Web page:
Lessons: 20 hours

(B)

Lesson period
Second semester
In the situation of Coronavirus emergency , the course will be taught online. Most lectures will be synchronous, and remote users will be able to participate in using Microsoft teams. A limited amount of lectures (about 12 hours - one lecture per week) will consist of audio files, texts, slides. Non-synchronous lectures will consist of a rehearsel of the main topics of the synchronous lectures of the week. All lectures, readings which are not under copyright protection, and slides will be available on the ariel web page of the course.
The exam program will not change, and oral exams will take place online. Attending students are those students who attend the online lectures and/or those students who have access to the recorded lectures.
Course syllabus
The corse is an introduction to the philosophy of language. The student will acquire familiarity with the main concepts (e.g. the concepts of meaning and reference), and semantic theories. With the knowledge acquired, we shall address a traditional philosophical problem - the mind-body problem - and we shall focus on Saul Kripke's solution. Finally we shall address the study of pragmatics, particularly of Grice and post-Gricean theories.
Prerequisites for admission
No prerequisites
Teaching methods
Lectures and discussion with students. In presence lectures and synchronous lectures generally include a short QA session.
Teaching Resources
Attending students
Readings for 6 CFU
G. Kemp, What is this thing called Philosophy of Language?, Routledge, London 2018 (second edition).
or (for students who have no elementary knowledge of English):
W. Lycan, Filosofia del linguaggio. Un'introduzione contemporanea, Cortina, Milano.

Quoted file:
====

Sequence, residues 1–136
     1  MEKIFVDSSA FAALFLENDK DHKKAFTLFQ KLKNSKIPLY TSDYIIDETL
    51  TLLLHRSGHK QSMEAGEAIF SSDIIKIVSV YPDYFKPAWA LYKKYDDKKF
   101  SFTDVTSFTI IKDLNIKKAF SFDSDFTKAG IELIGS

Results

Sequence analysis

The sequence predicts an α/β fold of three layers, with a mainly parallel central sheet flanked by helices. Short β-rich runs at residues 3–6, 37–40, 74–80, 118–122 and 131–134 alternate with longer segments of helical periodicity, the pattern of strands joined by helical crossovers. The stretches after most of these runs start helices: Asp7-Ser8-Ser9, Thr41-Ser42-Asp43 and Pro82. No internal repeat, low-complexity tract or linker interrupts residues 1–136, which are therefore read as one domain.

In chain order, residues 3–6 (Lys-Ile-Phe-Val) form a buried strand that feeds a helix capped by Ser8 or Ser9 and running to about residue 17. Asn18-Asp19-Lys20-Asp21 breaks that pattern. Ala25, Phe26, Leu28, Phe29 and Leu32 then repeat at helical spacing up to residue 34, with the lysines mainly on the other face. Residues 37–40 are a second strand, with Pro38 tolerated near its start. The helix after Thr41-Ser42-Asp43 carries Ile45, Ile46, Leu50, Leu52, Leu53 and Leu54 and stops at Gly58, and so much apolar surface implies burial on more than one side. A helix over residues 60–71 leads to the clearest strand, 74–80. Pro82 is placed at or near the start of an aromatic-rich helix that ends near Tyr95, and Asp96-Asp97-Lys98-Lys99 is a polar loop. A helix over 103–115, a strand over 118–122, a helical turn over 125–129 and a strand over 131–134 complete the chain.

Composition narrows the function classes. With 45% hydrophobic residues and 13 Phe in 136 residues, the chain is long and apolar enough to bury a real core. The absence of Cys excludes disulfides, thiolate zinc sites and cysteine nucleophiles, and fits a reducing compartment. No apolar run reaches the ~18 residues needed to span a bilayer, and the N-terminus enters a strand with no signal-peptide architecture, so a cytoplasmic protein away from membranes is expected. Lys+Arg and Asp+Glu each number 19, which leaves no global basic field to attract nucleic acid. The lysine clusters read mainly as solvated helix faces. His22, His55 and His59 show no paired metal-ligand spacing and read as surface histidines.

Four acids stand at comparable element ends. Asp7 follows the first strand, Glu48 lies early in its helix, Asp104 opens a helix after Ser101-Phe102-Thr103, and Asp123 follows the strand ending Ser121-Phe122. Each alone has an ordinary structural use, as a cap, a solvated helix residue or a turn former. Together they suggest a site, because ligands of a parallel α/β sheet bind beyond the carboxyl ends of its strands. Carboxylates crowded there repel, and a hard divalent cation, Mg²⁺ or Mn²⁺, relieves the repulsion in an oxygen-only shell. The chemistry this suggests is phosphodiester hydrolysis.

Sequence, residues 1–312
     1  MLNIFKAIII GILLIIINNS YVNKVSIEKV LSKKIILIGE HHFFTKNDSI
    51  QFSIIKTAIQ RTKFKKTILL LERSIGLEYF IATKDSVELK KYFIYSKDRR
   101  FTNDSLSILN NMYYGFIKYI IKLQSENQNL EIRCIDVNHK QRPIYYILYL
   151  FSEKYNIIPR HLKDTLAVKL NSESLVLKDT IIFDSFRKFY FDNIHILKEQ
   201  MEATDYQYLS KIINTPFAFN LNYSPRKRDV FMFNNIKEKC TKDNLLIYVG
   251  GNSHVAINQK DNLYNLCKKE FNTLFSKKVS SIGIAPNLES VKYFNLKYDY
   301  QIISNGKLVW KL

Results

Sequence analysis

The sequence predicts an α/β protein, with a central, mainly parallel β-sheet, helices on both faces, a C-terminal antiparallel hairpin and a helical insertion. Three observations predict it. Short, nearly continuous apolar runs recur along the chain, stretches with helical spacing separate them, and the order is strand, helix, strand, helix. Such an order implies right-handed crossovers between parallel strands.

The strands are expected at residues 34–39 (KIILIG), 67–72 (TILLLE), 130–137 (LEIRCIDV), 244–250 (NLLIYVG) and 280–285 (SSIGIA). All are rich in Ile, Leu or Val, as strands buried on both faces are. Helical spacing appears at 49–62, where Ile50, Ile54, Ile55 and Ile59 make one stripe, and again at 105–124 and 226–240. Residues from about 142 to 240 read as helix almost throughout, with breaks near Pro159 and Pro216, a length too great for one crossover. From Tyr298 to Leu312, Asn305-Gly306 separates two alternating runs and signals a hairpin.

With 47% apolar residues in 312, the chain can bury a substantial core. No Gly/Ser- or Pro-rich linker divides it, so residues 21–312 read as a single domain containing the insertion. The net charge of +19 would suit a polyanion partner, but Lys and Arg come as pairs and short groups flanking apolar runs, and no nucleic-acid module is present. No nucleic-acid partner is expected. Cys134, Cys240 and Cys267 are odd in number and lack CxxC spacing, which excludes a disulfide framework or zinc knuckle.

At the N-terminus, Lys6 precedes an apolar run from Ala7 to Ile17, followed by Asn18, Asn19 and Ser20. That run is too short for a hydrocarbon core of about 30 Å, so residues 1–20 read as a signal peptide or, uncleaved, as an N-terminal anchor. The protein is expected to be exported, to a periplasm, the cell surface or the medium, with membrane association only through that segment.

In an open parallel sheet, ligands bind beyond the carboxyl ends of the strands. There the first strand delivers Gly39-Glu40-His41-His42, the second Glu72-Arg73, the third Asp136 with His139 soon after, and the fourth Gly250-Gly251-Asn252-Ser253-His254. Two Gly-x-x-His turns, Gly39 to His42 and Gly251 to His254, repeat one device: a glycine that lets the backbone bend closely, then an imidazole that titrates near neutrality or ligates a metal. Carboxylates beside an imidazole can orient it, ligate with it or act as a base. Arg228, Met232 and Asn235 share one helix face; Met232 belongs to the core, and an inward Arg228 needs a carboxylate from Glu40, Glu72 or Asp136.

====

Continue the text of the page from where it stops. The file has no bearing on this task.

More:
Readings for 9 CFU:
1. G. Kemp, What is this thing called Philosophy of Language?, Routledge, London 2018 (second edition).
or (for students who have no elementary knowldge of English):
W. Lycan, Filosofia del linguaggio. Un'introduzione contemporanea, Cortina, Milano.

2. C. Bianchi, Pragmatica cognitiva. I meccanismi della comunicazione, capp. 1 e 2, Laterza 2009.

Non-attending students
Readings for 6 CFU
1. G. Kemp, What is this thing called Philosophy of Language?, Routledge, London 2018 (second edition).
or (for students who have no elementary knowledge of English):
W. Lycan, Filosofia del linguaggio. Un'introduzione contemporanea, Cortina, Milano.

2. M. Santambrogio, "Riferimento, credenze, regole", in A. Borghini (a cura di), Il genio compreso. La filosofia di Saul Kripke, Carocci 2010, pp. 77-126.

Readings for 9 CFU:
1. G. Kemp, What is this thing called Philosophy of Language?, Routledge, London 2018 (second edition).
or (for students who have no elementary knowledge of English):
W. Lycan, Filosofia del linguaggio. Un'introduzione contemporanea, Cortina, Milano.

2. C. Bianchi, Pragmatica cognitiva. I meccanismi della comunicazione, capp. 1 e 2, Laterza 2009.
3. P. Grice, Logica e conversazione, pp. 55-95, 131-164, 217-231, tr. it. Il Mulino, Bologna, 1993 (available on the ariel page of the course)
Assessment methods and Criteria
The exam is an oral discussion on the topics and the readings listed in the program. Evaluation is based to 70 % on knowledge of the theories and concepts and presentation capacities; evaluation is based to 30 % on the students's capacities to critically assess the theories
Unita' didattica A
M-FIL/05 - PHILOSOPHY AND THEORY OF LANGUAGE - University credits: 3
Lessons: 20 hours
Unita' didattica B
M-FIL/05 - PHILOSOPHY AND THEORY OF LANGUAGE - University credits: 3
Lessons: 20 hours
Unita' didattica C
M-FIL/05 - PHILOSOPHY AND THEORY OF LANGUAGE - University credits: 3
Lessons: 20 hours